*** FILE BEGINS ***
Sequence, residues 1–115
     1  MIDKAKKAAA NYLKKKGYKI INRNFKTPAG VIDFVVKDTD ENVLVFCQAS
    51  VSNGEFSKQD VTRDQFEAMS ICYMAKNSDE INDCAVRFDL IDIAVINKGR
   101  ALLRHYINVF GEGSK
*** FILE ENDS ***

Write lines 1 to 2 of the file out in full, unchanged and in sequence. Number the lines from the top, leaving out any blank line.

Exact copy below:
Sequence, residues 1–115
     1  MIDKAKKAAA NYLKKKGYKI INRNFKTPAG VIDFVVKDTD ENVLVFCQAS